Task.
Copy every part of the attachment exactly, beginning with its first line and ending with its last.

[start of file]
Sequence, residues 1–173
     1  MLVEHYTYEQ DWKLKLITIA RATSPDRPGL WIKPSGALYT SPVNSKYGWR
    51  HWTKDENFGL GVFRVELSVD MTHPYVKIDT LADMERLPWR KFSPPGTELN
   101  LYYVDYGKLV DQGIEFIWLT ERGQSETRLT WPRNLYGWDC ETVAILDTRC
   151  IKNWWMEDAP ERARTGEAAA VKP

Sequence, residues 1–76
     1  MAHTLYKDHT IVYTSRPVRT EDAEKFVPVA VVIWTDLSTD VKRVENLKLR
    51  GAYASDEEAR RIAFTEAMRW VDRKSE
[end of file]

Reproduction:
Sequence, residues 1–173
     1  MLVEHYTYEQ DWKLKLITIA RATSPDRPGL WIKPSGALYT SPVNSKYGWR
    51  HWTKDENFGL GVFRVELSVD MTHPYVKIDT LADMERLPWR KFSPPGTELN
   101  LYYVDYGKLV DQGIEFIWLT ERGQSETRLT WPRNLYGWDC ETVAILDTRC
   151  IKNWWMEDAP ERARTGEAAA VKP

Sequence, residues 1–76
     1  MAHTLYKDHT IVYTSRPVRT EDAEKFVPVA VVIWTDLSTD VKRVENLKLR
    51  GAYASDEEAR RIAFTEAMRW VDRKSE